Commentary: State’s, nation’s drug problem is a ‘horrible scourge’

As everyone is aware, we not only have a serious drug problem in Delaware, but pervasive throughout United States. In November of 2017, I lost a loved one because of this horrible scourge, a cancer on America.

From my own up close, chilling and shaken to the core personal experiences resulting in the most unfortunate, sad and tragic circumstances, I have an approach that I would like to share. I am one who is continually striving to make a difference and put an end to this horrible stain on our society.

I have a profound and compelling story to tell, and I am now on a mission. I am ready, willing, and able to talk with our state’s governor, lieutenant governor and newly elected attorney general to address this issue. I am also willing to appear before Delaware’s full House and Senate determined to see to it that something constructive, comprehensive and effective is done.

I know about the current efforts our state government is involved with in trying to combat this enormous problem Delaware and the entire nation is faced with. The number of individuals in Delaware alone afflicted with serious addiction is currently well over 11,000 people, with the state of Delaware having only 137 beds available for treatment. The current state of affairs is pathetic at best. Supervised, long-term treatment facilities are needed now. Ten and 30 days of treatment does not work.

Comprehensive and intense 90 days or longer detoxification and treatment is in fact what is needed. Strategically positioning billboards and ensuring a wide dissemination of Narcan to include providing clean needles or needle exchanges may be perceived as helpful or effective but it is only a very minuscule part of the equation in stemming the tide. To any of our elected officials who don’t think this issue requires immediate attention, you are sadly mistaken, and I for one can enlighten you in getting educated and up to speed.

Delaware’s “D.C. Delegation” (Carper, Coons, Rochester) also need to step it up, get on board, do more and ensure federal funding is provided.

Take notice Delaware and watch two prominent nationally well-known highly regarded lawyers, Mike Moore from Mississippi and Burton LeBlanc from Louisiana, who already have been instrumental in ensuring the tobacco and oil industries paid a substantial price for previous wrong doings. What’s most important now, is to watch how current litigation they are both involved with concludes, resulting in several sectors of the corrupt pharmaceutical industry having to pay billions in fines. Corporate greed being returned to its rightful place. Funds that will enable both the federal and state governments to use in combating the drug problem that bad players of the pharmaceutical industry knowingly and directly contributed to.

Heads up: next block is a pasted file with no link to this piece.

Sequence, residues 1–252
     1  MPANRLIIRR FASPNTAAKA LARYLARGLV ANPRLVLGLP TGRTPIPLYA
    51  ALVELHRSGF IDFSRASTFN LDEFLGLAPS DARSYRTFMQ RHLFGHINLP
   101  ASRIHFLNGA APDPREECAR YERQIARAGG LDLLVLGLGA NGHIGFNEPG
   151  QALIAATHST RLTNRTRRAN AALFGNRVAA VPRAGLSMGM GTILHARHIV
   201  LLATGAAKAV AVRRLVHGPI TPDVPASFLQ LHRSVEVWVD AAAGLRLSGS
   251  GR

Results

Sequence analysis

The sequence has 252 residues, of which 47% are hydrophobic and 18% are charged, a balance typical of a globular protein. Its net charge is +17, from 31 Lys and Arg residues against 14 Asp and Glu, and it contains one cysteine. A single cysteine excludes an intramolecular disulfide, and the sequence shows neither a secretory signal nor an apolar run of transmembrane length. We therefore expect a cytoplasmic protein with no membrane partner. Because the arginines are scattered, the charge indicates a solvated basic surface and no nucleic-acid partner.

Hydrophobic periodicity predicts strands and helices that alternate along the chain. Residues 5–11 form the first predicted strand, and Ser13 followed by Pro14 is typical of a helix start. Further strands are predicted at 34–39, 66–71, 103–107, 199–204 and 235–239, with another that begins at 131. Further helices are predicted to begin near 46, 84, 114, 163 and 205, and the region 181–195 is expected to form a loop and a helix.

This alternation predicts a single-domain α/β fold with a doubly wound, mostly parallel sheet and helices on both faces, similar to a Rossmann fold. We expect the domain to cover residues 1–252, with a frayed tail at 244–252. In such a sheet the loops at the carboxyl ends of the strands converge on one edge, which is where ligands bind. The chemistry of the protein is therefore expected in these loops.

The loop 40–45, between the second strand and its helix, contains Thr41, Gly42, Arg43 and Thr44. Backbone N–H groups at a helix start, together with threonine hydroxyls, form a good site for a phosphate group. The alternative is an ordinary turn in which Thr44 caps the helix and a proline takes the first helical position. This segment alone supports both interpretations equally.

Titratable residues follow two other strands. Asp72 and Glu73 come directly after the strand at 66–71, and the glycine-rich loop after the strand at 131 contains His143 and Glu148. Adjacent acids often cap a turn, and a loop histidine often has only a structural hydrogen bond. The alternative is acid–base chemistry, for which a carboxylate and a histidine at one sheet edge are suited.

In 2017, alone well over 72,000 lives were lost due to drug addiction. Sixty-six percent of those deaths were directly attributed to opioids. The number of lives lost in one year alone, exceeds the number of casualties sustained during the entire Vietnam War. Security analysts have made it clear in particular to the current administration in Washington, that the number one national security threat to our country currently is the Mexican drug cartel.

To not act is to allow the continued disintegration and elimination of an entire Generation. I applaud the efforts of Don Keister and Dave Humes from attack Addiction, who I have met and talked with at length. They and all their associates have made a positive impact on this problem. Certainly, the initiatives undertaken by the lieutenant governor to ensure Narcan is available in many communities is also recognized and well noted.

The comprehensive efforts that have been put forth in trying to establish treatment centers, alternative and preventative education concepts for addicts is also important, but this is only a small part of the equation in developing a successful solution. What is needed, right here and now, is for the governor to take a strong stance and call for a special session to have the House and Senate convene, with the crystal clear stipulation, that upon completion, immediate appropriations are made to fund law enforcement, both state and local, throughout all three counties, resulting in the composition of a 24-7 dedicated task force that is relentless in eradicating the illegal drug trade at every level, to include coming down hard on the pharmaceutical industry and corrupt doctors in our medical profession.

The ultimate objective is to identify, investigate and apprehend individuals involved in all aspects of trafficking and distribution. Harsh, stiff penalties should encompass long-term incarceration for such unconscionable behavior, making money, and the ultimate greed of doing so off the backs of people suffering and personal destruction.

The basic fundamental premise is to identify, contain and eradicate the problem. When you eliminate the supply, it dries up.

Addicts can’t get the drugs needed and effective methods of treatment are then implemented, followed by lifelong recovery efforts that could lead to a better life for those afflicted with this disease.

The former Delaware Attorney General Matt Denn, in a commentary published in the Delaware State News (Dec. 16) referred to the drug problem” as the “public health crisis of our generation”. To magnify his point, the problem is enormous and does require immediate attention.

In closing, I hope my stated intentions come to fruition. I am asking for your help, understanding and cooperation.

EDITOR’S NOTE: J.M. Isabella is a resident of Magnolia.

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